Not All Themes Are Created Equal

11 Comments

The other day, I came across a post written by Patrick Algrim of HellYeahDude.com entitled, What Not To Put Into WordPress Themes. Patrick dove into some well known, freely available WordPress themes to see if he could uncover anything out of the orindary. Unfortunately, he discovered some things inside of themes that I find appalling. Things such as blog ranking code to theme author RSS feeds that when clicked on, the end user would end up subscribing to a feed other than your own.

For a few weeks now, there have been a number of people that have preached about how the safest way to download themes is directly from the author’s website. If what Patrick discovered is true, (it sure as hell looks that way) then this leaves the door wide open as to how to go about downloading and using WordPress themes that are not filled with this stuff.

The WordPress Theme respository is not off line but it does contain a number of outdated themes that most likely do not work with WordPress 2.5. So the question is, why are theme authors including this crap into their themes and secondly, do we really need to go through each and every theme and look for this stuff before sites such as WPCandy give themes any sort of press?

Lastly, how do you feel about this situation?

11 thoughts on “Not All Themes Are Created Equal

  1. I designed number of themes for public and never thought of adding my own rss address or google analytics codes to see who are using it. I wouldn’t even think about it. Some people has (not as positive) amazing ideas.

    I wouldn’t call to any of these themes as public or free. Obviously authors wants to get something back from his work . And the way they follow is totally unethical.

    Unfortunately, there seems to be nothing to do. We can only expose those themes and authors but nothing else.

  2. I’m very much in favour of giving people the benefit of the doubt; this could just be an oversight.

    I have often uploaded things and forgotton to remove, or add back in, codes and links.

    Having said that, the sooner themes can be offered in a way equivalent to plugins the better.

  3. There has always been, and always will be, dodgy themes and templates and scripts (plugins). Of course the average free theme user won’t really notice this until it’s too late. It’s our job as blogging/wordpress/cms enthusiasts and reputable web developers to weed out the bad and publicly point out the risks, in order to make sure people are aware of them.

    Theme directories could do with not only listing high quality themes, but providing a wall of shame for those themes that have malicious code as part of their original source. They obviously have to quality checks on any submissions, so it’s not difficult to take it a step further by letting people know what’s wrong.

  4. I think that this just means the market may be changing. Maybe themes are going to have to be bought to ensure that they are not filled with malicious code. The whole situation kind of makes me glad though maybe it will have some impact, and they trustworthy designers out there like myself will start getting some more blog design work at a fair price.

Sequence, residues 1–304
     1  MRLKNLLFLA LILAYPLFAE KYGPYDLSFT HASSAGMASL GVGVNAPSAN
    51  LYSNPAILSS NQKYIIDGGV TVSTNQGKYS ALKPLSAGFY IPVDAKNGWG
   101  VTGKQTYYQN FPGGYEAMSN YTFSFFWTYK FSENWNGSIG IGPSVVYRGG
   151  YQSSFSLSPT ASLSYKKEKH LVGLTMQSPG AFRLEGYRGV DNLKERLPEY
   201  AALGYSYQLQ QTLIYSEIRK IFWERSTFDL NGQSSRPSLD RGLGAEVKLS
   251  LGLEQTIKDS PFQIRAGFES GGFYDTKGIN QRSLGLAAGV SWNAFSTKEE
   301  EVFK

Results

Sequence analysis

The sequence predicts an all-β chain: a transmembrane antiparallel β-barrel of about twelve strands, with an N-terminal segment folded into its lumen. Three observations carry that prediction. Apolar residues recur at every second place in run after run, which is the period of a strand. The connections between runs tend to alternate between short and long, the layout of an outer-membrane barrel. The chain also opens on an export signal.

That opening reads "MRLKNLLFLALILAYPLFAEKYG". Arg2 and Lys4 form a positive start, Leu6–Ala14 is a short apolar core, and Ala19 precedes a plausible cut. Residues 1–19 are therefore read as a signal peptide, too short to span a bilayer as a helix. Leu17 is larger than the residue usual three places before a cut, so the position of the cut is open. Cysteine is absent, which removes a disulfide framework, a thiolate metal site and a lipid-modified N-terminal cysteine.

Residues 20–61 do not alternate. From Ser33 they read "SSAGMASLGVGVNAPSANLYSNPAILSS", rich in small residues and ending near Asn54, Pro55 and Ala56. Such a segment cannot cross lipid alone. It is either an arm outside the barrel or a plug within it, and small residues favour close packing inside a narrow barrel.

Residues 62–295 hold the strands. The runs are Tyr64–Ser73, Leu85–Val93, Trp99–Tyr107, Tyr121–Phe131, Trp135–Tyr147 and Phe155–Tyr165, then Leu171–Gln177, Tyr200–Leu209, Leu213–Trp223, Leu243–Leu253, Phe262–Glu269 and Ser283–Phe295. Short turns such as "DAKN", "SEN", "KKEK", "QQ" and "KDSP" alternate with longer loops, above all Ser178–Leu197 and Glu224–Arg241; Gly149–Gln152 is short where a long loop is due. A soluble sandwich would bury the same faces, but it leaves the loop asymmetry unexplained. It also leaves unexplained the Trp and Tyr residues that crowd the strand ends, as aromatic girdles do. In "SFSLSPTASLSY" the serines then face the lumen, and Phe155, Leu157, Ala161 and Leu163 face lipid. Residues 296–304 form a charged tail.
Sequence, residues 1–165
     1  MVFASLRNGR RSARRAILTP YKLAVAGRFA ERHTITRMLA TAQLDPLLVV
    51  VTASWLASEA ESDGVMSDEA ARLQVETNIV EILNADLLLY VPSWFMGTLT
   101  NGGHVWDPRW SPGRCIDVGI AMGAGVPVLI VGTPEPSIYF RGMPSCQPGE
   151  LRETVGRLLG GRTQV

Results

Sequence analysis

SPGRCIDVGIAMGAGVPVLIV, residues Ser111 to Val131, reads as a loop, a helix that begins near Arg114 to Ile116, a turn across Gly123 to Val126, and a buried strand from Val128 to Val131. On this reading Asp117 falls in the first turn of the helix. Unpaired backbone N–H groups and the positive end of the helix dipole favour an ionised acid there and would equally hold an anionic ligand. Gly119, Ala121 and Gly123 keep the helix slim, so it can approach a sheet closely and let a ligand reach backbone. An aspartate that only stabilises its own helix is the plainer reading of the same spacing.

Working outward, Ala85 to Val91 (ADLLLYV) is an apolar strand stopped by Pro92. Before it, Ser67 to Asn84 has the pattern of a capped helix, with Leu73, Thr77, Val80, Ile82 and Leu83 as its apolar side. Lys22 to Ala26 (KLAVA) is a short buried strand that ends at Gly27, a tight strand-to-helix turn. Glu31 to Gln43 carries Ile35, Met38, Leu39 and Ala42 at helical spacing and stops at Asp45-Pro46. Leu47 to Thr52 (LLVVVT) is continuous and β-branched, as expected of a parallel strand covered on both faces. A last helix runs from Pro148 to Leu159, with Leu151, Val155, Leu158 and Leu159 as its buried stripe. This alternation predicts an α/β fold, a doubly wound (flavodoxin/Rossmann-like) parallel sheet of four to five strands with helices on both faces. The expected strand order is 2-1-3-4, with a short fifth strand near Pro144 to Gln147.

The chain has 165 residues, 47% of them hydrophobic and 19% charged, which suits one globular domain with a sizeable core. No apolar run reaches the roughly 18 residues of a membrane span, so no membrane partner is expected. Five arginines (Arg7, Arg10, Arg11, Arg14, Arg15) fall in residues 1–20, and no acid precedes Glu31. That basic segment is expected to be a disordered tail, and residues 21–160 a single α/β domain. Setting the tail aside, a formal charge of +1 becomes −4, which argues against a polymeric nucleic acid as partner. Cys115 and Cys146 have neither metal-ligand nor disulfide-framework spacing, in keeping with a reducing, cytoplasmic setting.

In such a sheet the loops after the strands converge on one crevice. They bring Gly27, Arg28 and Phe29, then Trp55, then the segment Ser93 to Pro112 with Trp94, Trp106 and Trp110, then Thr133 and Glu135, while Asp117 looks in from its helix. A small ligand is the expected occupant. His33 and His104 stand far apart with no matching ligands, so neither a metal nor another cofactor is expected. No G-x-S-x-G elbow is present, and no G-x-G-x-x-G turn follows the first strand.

5. At best, it looks like an oversight, which still isn’t good because it says the designer couldn’t be bothered (forgot, whatever) to clean up the code. At worst, it looks really really bad.

    I have used and looked at literally hundreds of themes, and in most cases stuff like that is not in there. If it is, it’s usually obvious forgetful stuff. That particular example is the worst I’ve seen.

    And from the standpoint of designing themes – who really wants that much hard-coded content in there? *Especially* for release?

  6. Posted over there, he makes some good points like. lol, Adii gets mentioned everywhere, aint he popualr?

    Nope! 😛

    Well yes for the prices, but thats neither here nore there 🙂

  7. Looks like Adii stopped by that post and gave his explanation as to what happened with his theme. I have yet to see the other theme authors explain what happened. All in all, looks like a lesson was learned by many people both by theme authors and theme users. Theme authors must make sure that the stuff they leave in the theme is taken out before it goes public and end users now have to double check the themes code/template files to ensure no hanky panky is going on.

    Geeze, it was much easier just downloading the darn theme from the repository since those themes were scanned through already.

  8. Since it was obvious that Patrick highlighted some code in my WP-Polaroid theme, I thought I’d just pop in here as well to state my case. No need for a long comment as I left on Patrick’s original post – as that post explains the situation in detail (so read that, before going on a witch hunt).

    @ Jeff – Yep. Lesson learned! 🙂 The theme has been cleaned up and updated by the way as well.

    It’s always funny how a honest mistake (in the WP community especially) is always construed as a malicious act by a serial offender… But nothing ventured, nothing gained… 🙂

  9. I think anyone that’s creating a blog and does not know php and css well needs to get someone to take a careful look at their theme setup. This, of course, is if they are serious about there blog. There are so many sneaky tricks, it’s not worth taking a chance.

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